Karl von frisch

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Nobel Lecture, December 12, 1973



University of Munich, Federal Republic of Germany

Some 60 years ago, many biologists thought that bees and other insects were

totally color-blind animals. I was unable to believe it. For the bright colors of

flowers can be understood only as an adaptation to color-sensitive visitors.

This was the beginning of experiments on the color sense of the bee (I). On

a table outdoors I placed a colored paper between papers of different shades

of gray and on it I laid a small glass dish filled with sugar syrup. Bees from a

nearby hive could be trained to recognize this color and demonstrated their

ability to distinguish it from shades of gray. To prevent too great a gathering

of bees, I instituted breaks between feedings. After these breaks, only sporadic

scout bees came to the empty bowl and flew back home; the feeding table

remained deserted. If a scout bee, however, found the bowl filled and

returned home successfully, within a few minutes the entire forager group was

back. Had she reported her findings to the hive? This question subsequently

became the starting point for further investigations.

In order that the behavior of foragers could be seen after their return to the

hive, a small colony was placed in an observation hive with glass windows, and

a feeding bowl was placed next to it. The individual foragers were marked with

colored dots, that is, numbered according to a certain system. Now an

astonishing picture could be seen in the observation hive: Even before the

returning bees turned over the contents of their honey sack to other bees, they

ran over the comb in close circles, alternately to the right and the left. This

round dance caused the numbered bees moving behind them to undertake

a new excursion to the feeding place.

But foragers from one hive do not always fly to the same feeding source.

Foraging groups form: One may collect from dandelions, another from

clover, and a third from forget-me-nots. Even in flowering plants the food

supply often becomes scarce, and a “feeding break” ensues. Were the bees in

the experiment able to alert those very same foragers who were at the bowl

with them? Did they know each other individually?

To settle the question, I installed two feeding places at which two groups

from the same observation hive collected separately. During a feeding break,

both groups stayed on the honey-comb and mingled with each other. Then

one of the bowls was refilled. The bees coming from the filled bowl alerted by

their dances not only their own group but also bees of the second group,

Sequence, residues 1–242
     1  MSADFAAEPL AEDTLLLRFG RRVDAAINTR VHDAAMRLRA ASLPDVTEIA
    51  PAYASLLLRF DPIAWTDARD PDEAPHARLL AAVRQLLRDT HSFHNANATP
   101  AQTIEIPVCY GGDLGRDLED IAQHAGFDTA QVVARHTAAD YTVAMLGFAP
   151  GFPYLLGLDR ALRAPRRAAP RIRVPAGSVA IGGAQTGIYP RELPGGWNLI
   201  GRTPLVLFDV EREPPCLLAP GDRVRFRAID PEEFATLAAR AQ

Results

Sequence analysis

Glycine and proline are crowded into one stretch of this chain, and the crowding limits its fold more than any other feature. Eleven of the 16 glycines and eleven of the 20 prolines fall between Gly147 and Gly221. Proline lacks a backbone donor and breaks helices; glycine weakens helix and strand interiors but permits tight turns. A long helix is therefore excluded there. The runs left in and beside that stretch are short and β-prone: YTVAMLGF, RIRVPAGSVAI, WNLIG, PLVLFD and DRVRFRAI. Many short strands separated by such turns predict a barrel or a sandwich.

which responded by flying to their customary feeding place where they

investigated the empty bowl.

However, the natural stopping places of bees are not glass bowls but flowers.

Therefore, the experiment was modified; one of two groups of bees collected

food from linden blossoms, the other one from robinias. Now the picture

Dr Karl von Frisch died in 1982


Decoding the Language of the Bee


changed. After the feeding break, the bees returning from the linden

blossoms caused only the linden bees to fly out again; the robinia collectors

paid no attention to their dances. On the other hand, when bees returned

successfully from robinia blossoms, the linden bees showed no interest in

their dances, while members of the robinia group immediately ran to a dancer

in their vicinity, following along behind her and then flying out. Some clever

bees also learned to use both sources of food, depending on the occasion.

They would then send out the linden gatherers after returning from the

linden source, and the robinia gatherers after visiting the robinias. Thus, the

bees did not know each other individually. It appeared that the fragrance of

the specific blossom attached to their bodies was decisive. This was confirmed

when essential oils or synthetic scents at the feeding place produced the same


When feeding was continuous, new recruits showed up at the food source

next to the old foragers. They, too, were alerted by the dance. But how did they

find their goal?

Peppermint oil was added to the feeding place next to the hive. In addition,

bowls with sugar syrup were put on small cardboard sheets at various places in

the nearby meadow; some of the sheets were scented with peppermint oil and

the others with other essential oils. The result was unequivocal: A few minutes

after the start of feeding, recruits from the observation hive appeared not only